T-Mobile Phones Home, Again
It was right about a year and a half ago that we first learned of Google's plans to enter the mobile phone market. While everyone expected it would be a full-fledged handset — the Googlephone — we quickly learned it would instead be a mobile operating system, the now well known Android. Just under a year ago, the first of the Googlephones, T-Mobile's Android-powered G1, was rolled out — literally — by Google founders Larry Page and Sergey Brin, on rollerblades, no less. Now it's time for T-Mobile to add more to the fold: the recently announced myTouch.
The G1 is hardly the only Android phone on the market — a number of companies have taken up Android, including G1 manufacturer HTC, which produced the "Magic" or Google Ion. According to reports, the myTouch, announced this week, is "essentially" the same phone as the Magic/Ion, and like the G1 before it, will go up against Apple's latest iPhone, the 3G S. The T-Mobile myTouch 3G with Google is lighter than its predecessor, a reported six hours of battery life, and will come in a designer "Merlot" color as well as the less chic black and white.
The feature — or rather, lack thereof — drawing the most attention, however, is the departure from the physical keyboard considered a strong selling feature of the G1. Though some later complained that the keyboard was difficult to use, at the time it was released, it was considered an important inclusion, given the distaste many have expressed for the iPhone's on-screen keyboard. Palm's recently-released Pre — also a Linux-based phone, though not Android — incorporates a BlackBerry-like physical keyboard, though it's tiny keys and lack of any sort of T9-style predictive text have drawn criticism from some heavy users.
While the myTouch does dispense with the physical keyboard, it's "soft" keyboard includes vibrating "keys" to provide some tactile response to key presses, as well as predictive text. The phone's other specifications are as yet unknown, though the more psychically-inclined at Wired predict they will be similar if not identical to the Magic/Ion, including the G1's 3.2MP camera and the much bemoaned specialty headphone jack.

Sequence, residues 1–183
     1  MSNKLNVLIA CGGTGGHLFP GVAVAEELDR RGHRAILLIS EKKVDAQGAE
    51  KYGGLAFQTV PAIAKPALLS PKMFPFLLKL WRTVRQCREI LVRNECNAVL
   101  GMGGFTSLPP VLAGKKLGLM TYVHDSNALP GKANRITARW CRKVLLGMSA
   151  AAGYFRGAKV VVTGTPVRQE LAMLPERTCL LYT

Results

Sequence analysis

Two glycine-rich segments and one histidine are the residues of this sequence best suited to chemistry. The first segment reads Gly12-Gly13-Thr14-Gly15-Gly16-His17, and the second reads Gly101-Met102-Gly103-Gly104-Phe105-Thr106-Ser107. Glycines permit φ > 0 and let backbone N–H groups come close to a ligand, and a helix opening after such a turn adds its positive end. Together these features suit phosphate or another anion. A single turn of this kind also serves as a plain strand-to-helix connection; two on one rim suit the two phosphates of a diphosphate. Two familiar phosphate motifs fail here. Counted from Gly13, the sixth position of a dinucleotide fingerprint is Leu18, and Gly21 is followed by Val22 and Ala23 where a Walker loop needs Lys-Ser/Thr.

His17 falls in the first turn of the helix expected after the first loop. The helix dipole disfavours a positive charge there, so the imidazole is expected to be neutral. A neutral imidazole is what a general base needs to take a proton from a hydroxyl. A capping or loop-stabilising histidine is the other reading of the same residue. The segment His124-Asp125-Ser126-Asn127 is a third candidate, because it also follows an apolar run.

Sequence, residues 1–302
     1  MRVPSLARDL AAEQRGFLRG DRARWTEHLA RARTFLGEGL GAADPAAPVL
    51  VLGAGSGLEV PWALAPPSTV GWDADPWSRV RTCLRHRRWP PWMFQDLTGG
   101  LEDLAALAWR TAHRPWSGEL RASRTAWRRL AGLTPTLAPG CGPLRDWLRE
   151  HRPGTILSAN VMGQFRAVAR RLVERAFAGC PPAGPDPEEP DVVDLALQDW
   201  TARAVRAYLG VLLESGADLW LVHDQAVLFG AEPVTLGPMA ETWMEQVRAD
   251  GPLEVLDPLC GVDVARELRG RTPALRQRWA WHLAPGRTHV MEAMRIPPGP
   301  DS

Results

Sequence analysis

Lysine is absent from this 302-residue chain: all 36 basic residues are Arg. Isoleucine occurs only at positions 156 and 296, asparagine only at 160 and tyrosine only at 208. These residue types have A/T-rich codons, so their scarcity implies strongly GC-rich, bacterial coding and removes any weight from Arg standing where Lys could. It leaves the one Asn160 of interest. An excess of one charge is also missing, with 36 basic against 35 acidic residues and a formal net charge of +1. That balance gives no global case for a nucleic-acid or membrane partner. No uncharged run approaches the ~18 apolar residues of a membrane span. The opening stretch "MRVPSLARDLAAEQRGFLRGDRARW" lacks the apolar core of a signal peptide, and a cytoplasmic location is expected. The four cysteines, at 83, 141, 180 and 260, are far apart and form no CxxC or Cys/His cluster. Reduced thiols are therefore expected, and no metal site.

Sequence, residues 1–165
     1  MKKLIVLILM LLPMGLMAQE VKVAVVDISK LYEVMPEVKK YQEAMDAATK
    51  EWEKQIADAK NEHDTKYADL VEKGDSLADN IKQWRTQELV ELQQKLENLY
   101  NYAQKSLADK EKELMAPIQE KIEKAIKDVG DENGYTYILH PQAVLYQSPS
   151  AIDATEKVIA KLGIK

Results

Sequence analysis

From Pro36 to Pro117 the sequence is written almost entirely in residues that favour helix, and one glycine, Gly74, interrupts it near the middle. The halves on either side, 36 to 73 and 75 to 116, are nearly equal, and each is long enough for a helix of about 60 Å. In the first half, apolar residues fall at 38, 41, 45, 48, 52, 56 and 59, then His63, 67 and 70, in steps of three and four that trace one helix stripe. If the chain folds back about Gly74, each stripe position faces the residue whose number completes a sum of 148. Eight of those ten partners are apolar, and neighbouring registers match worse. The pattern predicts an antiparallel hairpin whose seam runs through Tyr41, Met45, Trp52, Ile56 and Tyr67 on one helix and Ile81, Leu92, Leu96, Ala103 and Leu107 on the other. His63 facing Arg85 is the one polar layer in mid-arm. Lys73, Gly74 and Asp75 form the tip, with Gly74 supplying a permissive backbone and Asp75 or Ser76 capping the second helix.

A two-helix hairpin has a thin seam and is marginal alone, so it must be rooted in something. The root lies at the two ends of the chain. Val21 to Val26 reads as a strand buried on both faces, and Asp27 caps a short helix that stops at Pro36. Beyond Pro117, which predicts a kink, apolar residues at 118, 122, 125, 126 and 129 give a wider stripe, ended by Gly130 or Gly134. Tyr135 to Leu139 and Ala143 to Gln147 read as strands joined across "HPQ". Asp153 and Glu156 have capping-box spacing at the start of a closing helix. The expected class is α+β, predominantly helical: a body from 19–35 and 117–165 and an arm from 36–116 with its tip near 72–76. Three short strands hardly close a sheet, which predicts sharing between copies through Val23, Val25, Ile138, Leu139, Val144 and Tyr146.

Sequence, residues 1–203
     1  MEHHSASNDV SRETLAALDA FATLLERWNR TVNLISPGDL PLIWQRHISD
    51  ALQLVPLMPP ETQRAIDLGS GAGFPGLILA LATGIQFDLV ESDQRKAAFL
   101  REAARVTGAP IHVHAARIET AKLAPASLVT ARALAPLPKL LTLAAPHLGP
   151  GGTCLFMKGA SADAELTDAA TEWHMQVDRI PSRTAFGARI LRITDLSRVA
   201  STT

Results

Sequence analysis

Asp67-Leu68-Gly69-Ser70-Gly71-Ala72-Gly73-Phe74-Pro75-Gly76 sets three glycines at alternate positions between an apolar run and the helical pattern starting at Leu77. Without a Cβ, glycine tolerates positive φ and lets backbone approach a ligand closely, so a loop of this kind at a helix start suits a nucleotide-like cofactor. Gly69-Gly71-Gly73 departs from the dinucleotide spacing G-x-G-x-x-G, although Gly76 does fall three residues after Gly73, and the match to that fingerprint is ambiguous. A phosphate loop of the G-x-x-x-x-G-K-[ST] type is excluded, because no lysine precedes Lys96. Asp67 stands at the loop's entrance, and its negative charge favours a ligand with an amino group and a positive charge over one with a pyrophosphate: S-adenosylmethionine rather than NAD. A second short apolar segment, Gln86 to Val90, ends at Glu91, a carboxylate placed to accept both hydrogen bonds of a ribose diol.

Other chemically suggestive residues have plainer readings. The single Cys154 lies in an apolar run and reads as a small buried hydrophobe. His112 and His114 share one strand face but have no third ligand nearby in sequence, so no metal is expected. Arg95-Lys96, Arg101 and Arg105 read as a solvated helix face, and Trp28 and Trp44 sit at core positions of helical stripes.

Unlike AT&T, which drew a firestorm of criticism for refusing to allow existing customers to upgrade to the iPhone 3G S at the subsidized price offered to new customers, T-Mobile customers will be able to pre-order the myTouch on July 8, a full month before it will be shipped or offered to new subscribers. The same tact was applied to the G1, which was rolled out to existing customers in select 3G-equipped cities before being made available to new subscriptions. Pricing for the upgrade has yet to be announced, though the company expects some 50%+ of myTouch buyers to be existing subscribers.
Justin Ryan is a Contributing Editor for Linux Journal.
Practical Task Scheduling Deployment
July 20, 2016 12:00 pm CDT
One of the best things about the UNIX environment (aside from being stable and efficient) is the vast array of software tools available to help you do your job. Traditionally, a UNIX tool does only one thing, but does that one thing very well. For example, grep is very easy to use and can search vast amounts of data quickly. The find tool can find a particular file or files based on all kinds of criteria. It's pretty easy to string these tools together to build even more powerful tools, such as a tool that finds all of the .log files in the /home directory and searches each one for a particular entry. This erector-set mentality allows UNIX system administrators to seem to always have the right tool for the job.
Cron traditionally has been considered another such a tool for job scheduling, but is it enough? This webinar considers that very question. The first part builds on a previous Geek Guide, Beyond Cron, and briefly describes how to know when it might be time to consider upgrading your job scheduling infrastructure. The second part presents an actual planning and implementation framework.
Join Linux Journal's Mike Diehl and Pat Cameron of Help Systems.
Free to Linux Journal readers.Register Now!
- Stunnel Security for Oracle
- Murat Yener and Onur Dundar's Expert Android Studio (Wrox)
- SUSE LLC's SUSE Manager
- SourceClear Open
- Managing Linux Using Puppet
- My +1 Sword of Productivity
- Google's SwiftShader Released
- Parsing an RSS News Feed with a Bash Script
- Non-Linux FOSS: Caffeine!
- SuperTuxKart 0.9.2 Released
With all the industry talk about the benefits of Linux on Power and all the performance advantages offered by its open architecture, you may be considering a move in that direction. If you are thinking about analytics, big data and cloud computing, you would be right to evaluate Power. The idea of using commodity x86 hardware and replacing it every three years is an outdated cost model. It doesn’t consider the total cost of ownership, and it doesn’t consider the advantage of real processing power, high-availability and multithreading like a demon.
This ebook takes a look at some of the practical applications of the Linux on Power platform and ways you might bring all the performance power of this open architecture to bear for your organization. There are no smoke and mirrors here—just hard, cold, empirical evidence provided by independent sources. I also consider some innovative ways Linux on Power will be used in the future.Get the Guide